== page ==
The second venue to offer an open stage was McCawley’s in Sea World, Shekou. It’s been on about a year or so now and fills an otherwise empty 2nd floor and generates revenue on Monday night. This stage is completely different from La Casa’s. Here, musicians get access to a fully equipped stage setup; instruments, amps, band space and an atmosphere which epitomizes the Rock & Roll scene. And, Rock is likely what you’ll hear if you pop in. Shekou is the hub for long-term expats in Shenzhen. Many of the residents are middle-aged and raising their families here. Incidentally, most of the musicians relive glory days by jamming away on Hendrix, The Beatles, and Clapton tunes. Shekou is also where most of the live music in Shenzhen happens, so more often than not musos from the local venues stop in to help the open micers feel like real rockers. On occasion, you’ll even find local Chinese busker musicians strumming away.

Thursday Nights

As of 2 weeks ago, the third open mic is on Thursday night at Rapscallions Café Bar, just around the corner from La Casa in Coco Park. When you walk into Raps you won’t find a stage, just some mic stands and an amp. Why? It wasn’t designed with music in mind. But alas, the owner is himself a musician. After little deliberation and keen enthusiasm, Darragh made music a priority for Raps.

Brian Wegener singing at the 2nd Rapscallions Open Mic Night

Music started about 2 months ago with John Hutton, a local teacher and old school tunes player. I’m talking 60+ year old music – sweet, huh? Within a week, he added fiddle extraordinaire Graham to his show. Shortly after, I met Darragh and introduced my entourage of players and a Xinjiang, flamenco style trio to the mix and now music is on all weekend. Audience support and crowd turnout blew our expectations out of the water, so we’ve added a Thursday night open mic night. In the two weeks we’ve run it, we’ve had more than twenty musicians peel out of the woodwork to pick away on the guitar.

Raps is quickly becoming a house of music and gaining a reputation for a venue to hear tunes you may have long ago forgotten.

Shenzhen isn’t known for its music scene. It’s only ever been a transient business city, as it remains in its infancy. But the infant loves music the same as the old man. And, the infant has the advantage of being introduced to the best music from its grandfather’s generation. This international city has the advantage of drawing a highly talented, culturally diverse populace from which to build its music foundations from. Believe me when I say, it’s only a matter of time.


Is Shenzhen a cultural wasteland?

Posted: 06/8/2012 7:00 am

Good work is being done by Rue Moyer over at Shenzhen Local Music to bring Shenzhen-based musicians together and breathe life into the local live music scene.  He has previously said the local music scene was paltry when he first arrived five years ago, and at night, the soundscape lacked the diversity of even other first-tier cities, let alone places like London or New York. Using music as an example, I dug a little deeper to see whether Shenzhen lives up to its reputation as a cultural wasteland.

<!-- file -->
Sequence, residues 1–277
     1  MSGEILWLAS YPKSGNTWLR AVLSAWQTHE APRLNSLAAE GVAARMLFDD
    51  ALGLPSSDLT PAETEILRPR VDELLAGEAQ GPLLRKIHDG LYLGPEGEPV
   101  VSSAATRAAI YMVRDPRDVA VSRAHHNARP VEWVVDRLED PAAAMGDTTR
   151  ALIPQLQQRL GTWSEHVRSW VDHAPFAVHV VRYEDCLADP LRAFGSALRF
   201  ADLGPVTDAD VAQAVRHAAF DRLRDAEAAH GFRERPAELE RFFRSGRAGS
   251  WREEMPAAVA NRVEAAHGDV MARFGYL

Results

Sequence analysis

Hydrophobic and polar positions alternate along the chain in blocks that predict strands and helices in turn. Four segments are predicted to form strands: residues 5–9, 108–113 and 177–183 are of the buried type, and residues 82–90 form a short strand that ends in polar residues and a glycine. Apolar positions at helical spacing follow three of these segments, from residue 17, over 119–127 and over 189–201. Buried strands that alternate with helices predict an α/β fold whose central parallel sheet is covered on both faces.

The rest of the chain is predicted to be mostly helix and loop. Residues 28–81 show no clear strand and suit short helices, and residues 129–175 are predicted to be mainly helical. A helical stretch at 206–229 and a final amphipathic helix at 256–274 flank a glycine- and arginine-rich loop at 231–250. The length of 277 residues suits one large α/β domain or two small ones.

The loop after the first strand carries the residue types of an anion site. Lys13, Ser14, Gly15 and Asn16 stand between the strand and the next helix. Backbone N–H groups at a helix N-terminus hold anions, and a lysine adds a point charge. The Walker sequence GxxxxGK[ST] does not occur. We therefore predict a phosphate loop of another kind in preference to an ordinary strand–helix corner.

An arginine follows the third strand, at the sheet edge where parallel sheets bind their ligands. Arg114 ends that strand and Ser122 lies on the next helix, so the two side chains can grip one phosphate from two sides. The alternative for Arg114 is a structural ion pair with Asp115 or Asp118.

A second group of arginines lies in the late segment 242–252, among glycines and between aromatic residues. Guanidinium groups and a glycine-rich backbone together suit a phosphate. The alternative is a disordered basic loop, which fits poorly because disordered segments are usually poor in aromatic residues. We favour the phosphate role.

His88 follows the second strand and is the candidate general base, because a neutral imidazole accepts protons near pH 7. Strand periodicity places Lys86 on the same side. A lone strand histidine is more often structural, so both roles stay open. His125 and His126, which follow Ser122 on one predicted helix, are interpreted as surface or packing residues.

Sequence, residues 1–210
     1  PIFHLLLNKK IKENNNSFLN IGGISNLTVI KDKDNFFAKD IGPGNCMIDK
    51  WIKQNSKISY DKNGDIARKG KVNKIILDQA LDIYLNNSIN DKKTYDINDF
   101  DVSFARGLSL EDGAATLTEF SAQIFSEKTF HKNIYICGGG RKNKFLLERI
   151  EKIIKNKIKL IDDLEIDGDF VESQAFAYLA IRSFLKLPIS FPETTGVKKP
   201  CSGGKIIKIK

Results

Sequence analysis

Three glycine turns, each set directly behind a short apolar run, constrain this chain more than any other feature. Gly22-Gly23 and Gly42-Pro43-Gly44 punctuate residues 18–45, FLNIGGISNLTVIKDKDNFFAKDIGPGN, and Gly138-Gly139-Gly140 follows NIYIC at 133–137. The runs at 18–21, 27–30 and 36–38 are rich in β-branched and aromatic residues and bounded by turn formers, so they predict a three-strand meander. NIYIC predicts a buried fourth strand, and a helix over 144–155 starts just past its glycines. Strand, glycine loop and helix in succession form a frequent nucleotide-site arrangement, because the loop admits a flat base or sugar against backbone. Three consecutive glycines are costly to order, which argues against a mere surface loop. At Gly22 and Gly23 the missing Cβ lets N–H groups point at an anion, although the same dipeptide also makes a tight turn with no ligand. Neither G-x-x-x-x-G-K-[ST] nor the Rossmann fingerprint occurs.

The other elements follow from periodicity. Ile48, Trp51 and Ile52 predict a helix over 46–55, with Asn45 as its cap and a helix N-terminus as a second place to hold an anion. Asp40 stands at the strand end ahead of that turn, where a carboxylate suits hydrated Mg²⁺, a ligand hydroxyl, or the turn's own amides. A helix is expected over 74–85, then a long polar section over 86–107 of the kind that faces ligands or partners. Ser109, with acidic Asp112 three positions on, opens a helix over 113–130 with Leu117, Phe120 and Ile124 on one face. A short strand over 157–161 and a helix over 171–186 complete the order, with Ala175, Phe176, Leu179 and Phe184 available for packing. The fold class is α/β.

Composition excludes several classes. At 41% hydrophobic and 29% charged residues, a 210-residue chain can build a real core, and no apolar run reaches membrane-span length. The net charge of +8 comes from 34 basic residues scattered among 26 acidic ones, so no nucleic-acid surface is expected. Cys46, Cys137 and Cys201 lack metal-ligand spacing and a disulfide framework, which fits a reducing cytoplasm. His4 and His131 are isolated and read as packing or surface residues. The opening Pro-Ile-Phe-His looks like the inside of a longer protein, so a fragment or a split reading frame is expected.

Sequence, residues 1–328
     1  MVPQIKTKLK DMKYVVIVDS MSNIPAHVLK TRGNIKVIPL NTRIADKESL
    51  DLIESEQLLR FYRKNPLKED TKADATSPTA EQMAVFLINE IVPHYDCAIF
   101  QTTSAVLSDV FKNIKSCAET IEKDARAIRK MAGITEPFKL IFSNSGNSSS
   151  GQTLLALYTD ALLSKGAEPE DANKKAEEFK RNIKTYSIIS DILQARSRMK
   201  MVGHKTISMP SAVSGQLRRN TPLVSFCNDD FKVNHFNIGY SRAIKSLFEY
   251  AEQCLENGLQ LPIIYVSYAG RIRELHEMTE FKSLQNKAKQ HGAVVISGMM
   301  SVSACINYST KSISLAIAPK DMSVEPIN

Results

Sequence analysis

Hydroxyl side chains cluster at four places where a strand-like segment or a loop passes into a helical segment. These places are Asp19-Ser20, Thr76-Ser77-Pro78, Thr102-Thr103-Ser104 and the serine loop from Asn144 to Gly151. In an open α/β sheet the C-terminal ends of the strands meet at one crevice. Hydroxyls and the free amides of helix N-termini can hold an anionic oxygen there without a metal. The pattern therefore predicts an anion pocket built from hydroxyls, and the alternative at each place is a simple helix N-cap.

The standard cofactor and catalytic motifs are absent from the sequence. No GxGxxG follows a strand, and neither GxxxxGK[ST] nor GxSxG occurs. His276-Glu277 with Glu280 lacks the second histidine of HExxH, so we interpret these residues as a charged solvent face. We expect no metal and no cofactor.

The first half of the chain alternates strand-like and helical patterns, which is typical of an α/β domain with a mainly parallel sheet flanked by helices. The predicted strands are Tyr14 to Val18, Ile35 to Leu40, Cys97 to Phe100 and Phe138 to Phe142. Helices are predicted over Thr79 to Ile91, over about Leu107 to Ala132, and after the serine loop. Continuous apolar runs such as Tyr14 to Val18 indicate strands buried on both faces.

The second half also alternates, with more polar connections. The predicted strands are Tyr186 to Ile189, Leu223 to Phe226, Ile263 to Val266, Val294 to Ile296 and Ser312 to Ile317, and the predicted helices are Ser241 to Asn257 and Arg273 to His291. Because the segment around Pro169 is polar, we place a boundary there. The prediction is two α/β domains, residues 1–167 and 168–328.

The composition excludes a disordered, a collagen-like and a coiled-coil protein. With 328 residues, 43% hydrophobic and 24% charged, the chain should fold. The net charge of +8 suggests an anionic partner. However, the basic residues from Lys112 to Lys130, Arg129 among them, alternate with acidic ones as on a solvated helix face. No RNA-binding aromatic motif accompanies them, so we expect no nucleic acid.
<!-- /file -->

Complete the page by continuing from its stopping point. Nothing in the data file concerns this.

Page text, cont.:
As he was leaving the city last month, one Shenzhen expat lamented that previous cities he had lived in in the Middle East held concerts of interesting heavy metal and alternative bands from the West, while Shenzhen had…Westlife. Expats have long lamented the poverty of the music scene throughout mainland China. 

The local government is investing money and talent to increase Shenzhen’s recognition as a city of culture, but as has been argued before, a government or corporation cannot simply provide culture like a permissive parent. Culture is what happens when people get together and do what people do, reflect on the past and dream about the future. 

Shortly before the Olympics in 2008, blogger Chinabounder said “Mandopop – that is Mandarin pop music – is characterized by softness. No hard edges are exposed on which listeners might cut themselves some independent thinking.”

This is not an exclusively Chinese phenomenon. In Ancient Greece, the musical system was one of eight keys. Each key represented a different emotion. But Plato, when he was describing a harmonious society in his “The Republic,” wanted all keys — except for the type that relaxed the listener, and the type that stirred patriotic feelings — to be banned. Westerners who have had some level of success singing Chinese songs include Uwechue Emmanuel (郝歌) who specializes in conventional love songs that “relax” the listener, and Red Laowai (红老外), who sings patriotic songs in praise of China and its government. This supports Plato’s theory of a harmonious society needing to censor its music.

Although they do not occupy the mainstream, there are singer-songwriters, based in Shenzhen no less, who do write songs that explore dark themes and involve more melodic and rhythmic innovation. These include Zhong Bin, whose lyrics explore themes such as modern alienation and having no roots, and Liang Ying, who draws influence not from Chinese artists such as Teresa Teng and Faye Wong, but from Western acts such as The Rolling Stones and Led Zeppelin. 

In late March last year, a group of these musicians who had produced the album “Sound of Shenzhen” performed at the Shenzhen Concert Hall. It was around this time that Bob Dylan was over the border in Hong Kong, but a music scene by and for locals is a much more significant development than expat musicians (who would be making music wherever they were) making music. 

So, true culture is out there. It just has the good sense to keep its head down.